Short story award winner recognized
The Selma and Dallas County Chamber of Commerce teamed up with the Southeastern Literary Tourism Initiative and the Alabama State Tourism Department to host a writing contest, where the winner, Charisa Hagel, took home $500 cash and the 2016 SELTI Tourism Fiction Award in Dallas County.
Hagel said she was excited to find out that she won the competition.
“I was ecstatic,” Hagel said. “I couldn’t stop smiling all day long.”
Hagel’s fictional story was based at Kenan’s Mill in 1866 and was about a young boy and girl who were playing at the mill, even though they knew they weren’t allowed.
Hagel, who had never been to the mill prior to the award presentation, said she found her inspiration by digging around online.
“I started Googling attractions and the mill caught my attention,” Hagel said. “So I found pictures of it, and I saw the bridge and the there’s a back window, and I thought, OK, I have a story.”
Hagel, who resides in Wetumpka, is a recent graduate of Faulkner Christian University in Montgomery and majored in English with a focus in creative writing.
“I just graduated, and I don’t have an outlet for my writing yet, so I took advantage of it,” Hagel said. “I did what I set out to do. I’m actually really pumped that I did win because that meant I accomplished my goal.”
Hagel said she enjoyed getting to visit the place she had written about, and actually walk up to the window that is mentioned in her story.
“It’s really cool to actually visit the place that I wrote about since it was really attractive in my mind of how I thought it would look, and the pictures I saw,” Hagel said. “Actually, getting to see it is like a story coming true.”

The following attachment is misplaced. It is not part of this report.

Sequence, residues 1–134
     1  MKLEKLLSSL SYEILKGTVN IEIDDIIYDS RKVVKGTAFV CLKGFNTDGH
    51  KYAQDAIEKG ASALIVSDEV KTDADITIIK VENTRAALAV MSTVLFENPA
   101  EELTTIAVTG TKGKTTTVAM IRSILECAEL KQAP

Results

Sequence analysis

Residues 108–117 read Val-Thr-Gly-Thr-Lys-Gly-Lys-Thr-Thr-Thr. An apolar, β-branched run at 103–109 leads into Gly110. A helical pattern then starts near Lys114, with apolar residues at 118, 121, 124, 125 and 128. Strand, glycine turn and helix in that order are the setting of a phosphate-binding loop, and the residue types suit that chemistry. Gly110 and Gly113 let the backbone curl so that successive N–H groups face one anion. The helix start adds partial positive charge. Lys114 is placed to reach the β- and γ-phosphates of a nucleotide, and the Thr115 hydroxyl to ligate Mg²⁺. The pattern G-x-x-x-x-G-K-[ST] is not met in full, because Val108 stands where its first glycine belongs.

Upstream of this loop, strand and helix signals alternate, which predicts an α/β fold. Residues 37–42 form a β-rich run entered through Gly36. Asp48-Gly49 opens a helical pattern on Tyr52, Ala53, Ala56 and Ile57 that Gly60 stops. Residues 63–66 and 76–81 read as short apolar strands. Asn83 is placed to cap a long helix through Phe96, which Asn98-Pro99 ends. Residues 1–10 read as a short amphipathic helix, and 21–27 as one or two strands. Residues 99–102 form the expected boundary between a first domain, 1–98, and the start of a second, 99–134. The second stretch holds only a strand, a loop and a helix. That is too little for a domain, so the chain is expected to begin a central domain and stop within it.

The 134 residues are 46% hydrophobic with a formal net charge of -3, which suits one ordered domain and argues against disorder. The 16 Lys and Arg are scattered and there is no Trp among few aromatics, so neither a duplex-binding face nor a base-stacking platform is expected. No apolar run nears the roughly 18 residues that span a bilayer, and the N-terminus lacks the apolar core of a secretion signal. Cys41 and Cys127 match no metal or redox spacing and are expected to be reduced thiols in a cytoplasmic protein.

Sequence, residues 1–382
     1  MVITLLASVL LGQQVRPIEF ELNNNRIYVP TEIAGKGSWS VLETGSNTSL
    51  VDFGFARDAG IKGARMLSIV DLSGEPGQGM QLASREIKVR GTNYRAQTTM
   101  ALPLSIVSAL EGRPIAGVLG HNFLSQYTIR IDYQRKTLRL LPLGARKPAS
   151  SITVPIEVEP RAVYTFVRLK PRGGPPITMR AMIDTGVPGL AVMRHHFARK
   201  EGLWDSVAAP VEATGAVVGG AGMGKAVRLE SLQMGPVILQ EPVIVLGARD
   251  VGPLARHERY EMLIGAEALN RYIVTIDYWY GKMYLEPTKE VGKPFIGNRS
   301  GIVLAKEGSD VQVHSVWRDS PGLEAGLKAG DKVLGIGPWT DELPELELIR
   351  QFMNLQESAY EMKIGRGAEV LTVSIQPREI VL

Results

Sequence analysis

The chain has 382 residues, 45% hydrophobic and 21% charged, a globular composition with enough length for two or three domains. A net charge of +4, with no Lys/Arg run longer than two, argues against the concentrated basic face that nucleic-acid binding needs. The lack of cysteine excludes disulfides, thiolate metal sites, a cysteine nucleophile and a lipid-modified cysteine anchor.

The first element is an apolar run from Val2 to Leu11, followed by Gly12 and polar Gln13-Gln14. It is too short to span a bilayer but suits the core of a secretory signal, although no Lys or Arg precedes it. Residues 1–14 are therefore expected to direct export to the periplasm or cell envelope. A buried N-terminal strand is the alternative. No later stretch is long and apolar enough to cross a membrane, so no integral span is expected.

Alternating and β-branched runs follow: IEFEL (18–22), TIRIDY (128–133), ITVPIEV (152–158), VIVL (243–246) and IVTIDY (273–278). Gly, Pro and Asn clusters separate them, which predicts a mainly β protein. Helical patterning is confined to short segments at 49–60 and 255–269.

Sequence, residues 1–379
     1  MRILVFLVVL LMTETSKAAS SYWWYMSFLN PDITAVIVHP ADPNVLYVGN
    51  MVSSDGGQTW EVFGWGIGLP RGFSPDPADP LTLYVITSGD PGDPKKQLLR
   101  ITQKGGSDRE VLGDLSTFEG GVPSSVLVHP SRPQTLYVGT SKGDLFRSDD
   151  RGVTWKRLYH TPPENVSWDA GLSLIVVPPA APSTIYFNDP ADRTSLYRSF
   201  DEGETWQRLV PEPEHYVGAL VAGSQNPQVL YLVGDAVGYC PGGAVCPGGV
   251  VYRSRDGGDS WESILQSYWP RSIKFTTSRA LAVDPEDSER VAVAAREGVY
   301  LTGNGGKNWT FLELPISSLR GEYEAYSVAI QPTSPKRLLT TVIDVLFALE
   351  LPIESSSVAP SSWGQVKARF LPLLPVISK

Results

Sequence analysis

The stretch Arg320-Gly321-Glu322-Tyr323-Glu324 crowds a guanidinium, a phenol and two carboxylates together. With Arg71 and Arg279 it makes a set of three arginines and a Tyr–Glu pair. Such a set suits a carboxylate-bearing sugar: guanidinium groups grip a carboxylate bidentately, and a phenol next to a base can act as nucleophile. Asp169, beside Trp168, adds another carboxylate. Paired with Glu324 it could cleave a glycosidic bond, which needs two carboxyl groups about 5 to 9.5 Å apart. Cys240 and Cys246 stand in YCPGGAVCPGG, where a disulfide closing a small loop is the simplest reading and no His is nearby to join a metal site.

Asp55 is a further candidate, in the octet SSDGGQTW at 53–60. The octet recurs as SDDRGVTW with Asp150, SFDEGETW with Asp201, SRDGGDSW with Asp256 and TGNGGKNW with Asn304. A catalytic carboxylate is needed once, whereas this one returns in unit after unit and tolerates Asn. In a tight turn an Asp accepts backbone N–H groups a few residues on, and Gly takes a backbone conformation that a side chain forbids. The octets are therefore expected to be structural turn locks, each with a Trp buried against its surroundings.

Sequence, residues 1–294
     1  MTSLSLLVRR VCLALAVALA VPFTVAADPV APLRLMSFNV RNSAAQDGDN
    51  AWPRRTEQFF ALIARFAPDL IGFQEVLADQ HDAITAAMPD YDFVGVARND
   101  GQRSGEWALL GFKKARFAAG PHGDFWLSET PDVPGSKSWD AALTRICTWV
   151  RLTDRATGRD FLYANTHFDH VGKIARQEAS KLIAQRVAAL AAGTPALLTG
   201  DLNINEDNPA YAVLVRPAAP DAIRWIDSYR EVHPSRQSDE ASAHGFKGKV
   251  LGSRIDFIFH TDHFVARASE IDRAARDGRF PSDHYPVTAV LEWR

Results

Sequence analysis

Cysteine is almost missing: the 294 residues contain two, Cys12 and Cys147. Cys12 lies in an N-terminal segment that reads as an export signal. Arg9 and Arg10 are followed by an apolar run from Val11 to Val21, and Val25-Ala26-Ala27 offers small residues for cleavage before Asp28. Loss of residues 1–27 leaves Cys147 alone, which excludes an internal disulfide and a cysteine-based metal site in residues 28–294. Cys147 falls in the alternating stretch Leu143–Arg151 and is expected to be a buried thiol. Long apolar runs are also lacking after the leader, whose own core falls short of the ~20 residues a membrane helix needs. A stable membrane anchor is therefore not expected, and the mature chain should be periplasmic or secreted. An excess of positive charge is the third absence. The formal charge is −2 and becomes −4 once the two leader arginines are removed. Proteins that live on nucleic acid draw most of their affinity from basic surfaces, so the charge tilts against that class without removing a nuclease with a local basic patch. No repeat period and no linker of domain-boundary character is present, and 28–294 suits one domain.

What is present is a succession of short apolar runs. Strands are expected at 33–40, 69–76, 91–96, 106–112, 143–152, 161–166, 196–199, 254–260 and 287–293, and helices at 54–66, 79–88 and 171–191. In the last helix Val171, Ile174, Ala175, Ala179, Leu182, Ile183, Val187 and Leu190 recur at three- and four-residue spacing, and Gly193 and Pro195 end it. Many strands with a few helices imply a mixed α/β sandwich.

Selma native Congresswoman Terri Sewell was on hand to present Hagel with her award and to give her a Congressional Record stating her success in winning the competition.
“I just wanted you to know how proud we are of you and your story,” Sewell said to Hagel. “As a native of Selma, I have to tell you, you captured it perfectly. It was great.”
Hagel’s story was chosen out of 16 fictional stories and can be read online at selti.org.
Landon Nichols, marketing coordinator for the Chamber, said he enjoyed the story and how it incorporated Kenan’s Mill.
“I loved it. I thought it was a great way to present a setting of Selma and Dallas County that you don’t always hear about,” Nichols said. “You hear so much about Civil War history and our Civil Rights history, so it’s kind of nice to look outside of those two major flash points at some of the other narratives going on in the area.”
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